By the summer of 2008, I was getting swelling behind my right knee on long runs…torn medial meniscus the MRI said…2 prominent knee surgeons both agreed on that…they did have a difference of opinion on the solution though…one felt strongly that based on the MRI I should have it operated on, and very probably would need microfracture…based on the MRI, he believed that he was going to find a spot in the cartilage worn through (microfracture has a _long_ healing process, like 6 weeks no toe touch-down, and lots of rehab after), feeling in fact that surgery was a conservative approach, considering the damage that he saw…the other felt that it wasn’t hampering me enough yet to advise surgery, recommending that at the point that it was actually ‘stopping’ me from doing what I wanted to do, that I have it repaired. I took the ‘let’s see if it breaks’ approach, and 2 1/2 years of training later, and 3 Ironman later, I’m still ticking…I don’t run as hard or as long as I used to…it’s still imperfect, and isn’t going to go away…I’m still not sure who was really right…although 2008 was my fastest Ironman at 12:57, after taking off some time to recover the knee a bit…go figure.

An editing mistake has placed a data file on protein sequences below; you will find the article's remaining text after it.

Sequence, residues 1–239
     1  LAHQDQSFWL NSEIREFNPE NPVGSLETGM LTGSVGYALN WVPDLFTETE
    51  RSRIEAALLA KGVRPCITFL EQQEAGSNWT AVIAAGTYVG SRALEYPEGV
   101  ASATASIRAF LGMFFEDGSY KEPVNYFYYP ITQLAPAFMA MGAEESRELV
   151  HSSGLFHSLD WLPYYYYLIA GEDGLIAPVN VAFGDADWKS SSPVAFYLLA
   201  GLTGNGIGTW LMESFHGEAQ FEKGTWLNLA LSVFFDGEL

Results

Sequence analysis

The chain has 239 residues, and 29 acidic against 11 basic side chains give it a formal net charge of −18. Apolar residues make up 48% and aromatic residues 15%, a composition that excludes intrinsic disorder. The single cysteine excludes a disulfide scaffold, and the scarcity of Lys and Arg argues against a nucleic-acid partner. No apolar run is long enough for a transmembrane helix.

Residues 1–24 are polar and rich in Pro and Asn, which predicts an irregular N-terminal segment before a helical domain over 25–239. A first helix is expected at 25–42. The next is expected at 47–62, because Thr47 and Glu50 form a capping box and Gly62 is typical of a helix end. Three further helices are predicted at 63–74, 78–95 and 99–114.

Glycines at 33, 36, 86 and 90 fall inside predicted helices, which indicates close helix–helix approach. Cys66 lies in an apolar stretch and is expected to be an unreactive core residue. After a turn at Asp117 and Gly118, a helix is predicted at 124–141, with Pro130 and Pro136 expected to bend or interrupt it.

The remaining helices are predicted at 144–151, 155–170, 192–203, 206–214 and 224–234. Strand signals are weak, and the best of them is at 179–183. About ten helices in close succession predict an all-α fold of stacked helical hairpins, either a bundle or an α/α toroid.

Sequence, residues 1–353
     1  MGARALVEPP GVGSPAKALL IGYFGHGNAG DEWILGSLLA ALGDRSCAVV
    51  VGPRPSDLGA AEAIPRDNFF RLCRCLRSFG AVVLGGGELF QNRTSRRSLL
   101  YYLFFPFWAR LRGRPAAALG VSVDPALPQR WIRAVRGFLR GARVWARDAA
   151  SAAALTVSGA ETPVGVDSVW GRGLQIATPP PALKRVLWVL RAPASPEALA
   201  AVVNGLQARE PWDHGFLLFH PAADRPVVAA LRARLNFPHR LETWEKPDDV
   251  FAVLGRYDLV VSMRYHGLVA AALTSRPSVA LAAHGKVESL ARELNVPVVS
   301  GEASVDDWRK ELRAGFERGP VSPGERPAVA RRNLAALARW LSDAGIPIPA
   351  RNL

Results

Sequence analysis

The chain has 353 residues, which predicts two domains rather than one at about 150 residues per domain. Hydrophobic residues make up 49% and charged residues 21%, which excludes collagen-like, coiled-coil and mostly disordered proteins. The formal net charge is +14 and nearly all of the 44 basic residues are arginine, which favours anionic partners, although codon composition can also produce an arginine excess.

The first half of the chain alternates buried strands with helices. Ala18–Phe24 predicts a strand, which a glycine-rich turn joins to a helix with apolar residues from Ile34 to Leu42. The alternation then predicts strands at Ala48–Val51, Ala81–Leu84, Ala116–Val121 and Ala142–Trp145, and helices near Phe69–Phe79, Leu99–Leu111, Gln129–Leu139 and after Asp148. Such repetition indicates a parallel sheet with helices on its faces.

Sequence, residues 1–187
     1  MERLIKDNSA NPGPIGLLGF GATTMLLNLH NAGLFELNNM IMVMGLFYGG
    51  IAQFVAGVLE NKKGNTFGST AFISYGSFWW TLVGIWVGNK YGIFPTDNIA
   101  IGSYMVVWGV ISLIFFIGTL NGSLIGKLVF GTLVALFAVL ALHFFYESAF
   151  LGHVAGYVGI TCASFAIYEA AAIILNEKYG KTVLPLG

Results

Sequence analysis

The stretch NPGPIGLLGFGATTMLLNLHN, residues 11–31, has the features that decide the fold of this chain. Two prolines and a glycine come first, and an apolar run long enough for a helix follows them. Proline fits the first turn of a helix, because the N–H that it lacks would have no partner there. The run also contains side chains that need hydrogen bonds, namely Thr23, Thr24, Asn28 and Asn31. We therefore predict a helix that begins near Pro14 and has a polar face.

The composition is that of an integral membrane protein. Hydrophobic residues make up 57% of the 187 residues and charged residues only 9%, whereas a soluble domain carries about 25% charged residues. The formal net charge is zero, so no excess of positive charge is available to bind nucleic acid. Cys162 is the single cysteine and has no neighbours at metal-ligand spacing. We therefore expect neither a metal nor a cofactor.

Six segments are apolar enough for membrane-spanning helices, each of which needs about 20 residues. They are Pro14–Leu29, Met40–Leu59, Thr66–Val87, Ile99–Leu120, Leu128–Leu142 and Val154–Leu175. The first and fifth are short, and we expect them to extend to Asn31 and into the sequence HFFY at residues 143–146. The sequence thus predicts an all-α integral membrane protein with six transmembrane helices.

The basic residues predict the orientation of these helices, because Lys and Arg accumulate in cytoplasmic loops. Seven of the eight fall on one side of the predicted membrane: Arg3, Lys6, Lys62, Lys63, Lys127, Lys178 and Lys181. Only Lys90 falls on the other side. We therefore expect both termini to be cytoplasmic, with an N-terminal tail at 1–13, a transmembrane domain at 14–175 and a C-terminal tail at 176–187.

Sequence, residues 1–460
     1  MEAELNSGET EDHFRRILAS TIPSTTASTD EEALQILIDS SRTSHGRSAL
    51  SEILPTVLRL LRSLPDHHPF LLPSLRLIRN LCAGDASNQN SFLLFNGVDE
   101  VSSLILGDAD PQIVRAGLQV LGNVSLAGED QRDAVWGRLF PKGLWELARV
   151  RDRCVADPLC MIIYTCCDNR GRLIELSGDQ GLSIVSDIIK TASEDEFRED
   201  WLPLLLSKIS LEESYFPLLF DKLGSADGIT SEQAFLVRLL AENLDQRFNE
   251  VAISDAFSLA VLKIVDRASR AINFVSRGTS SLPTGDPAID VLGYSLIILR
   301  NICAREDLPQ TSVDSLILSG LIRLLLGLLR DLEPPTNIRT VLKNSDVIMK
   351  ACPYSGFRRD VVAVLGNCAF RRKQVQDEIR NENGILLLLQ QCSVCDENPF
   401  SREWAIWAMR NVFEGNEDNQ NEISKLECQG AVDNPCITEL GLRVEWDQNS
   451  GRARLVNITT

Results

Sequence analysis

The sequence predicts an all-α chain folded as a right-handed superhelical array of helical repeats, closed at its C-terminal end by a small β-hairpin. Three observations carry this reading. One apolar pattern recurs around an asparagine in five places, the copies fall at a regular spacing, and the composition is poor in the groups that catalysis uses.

2009: 3rd Ironman Florida (13:23:37, 45/80 division) with Daughter…Priceless
In 2009, my daughter Lisa joined me for Ironman Florida…what a lifetime highlight that was! Since we live at opposite ends of the continent there wasn’t much training time together throughout the year, although we did get some time together for a month during the summer…open water swims off Kits Beach with a fun group of 30 local swimming fanatics, and an epic 5:18 bike ride from Vancouver to Whistler…just the two of us…priceless.
2010: 4th Ironman Florida (14:29:30, 53/84 division) My Friend the Wetsuit Abandons Me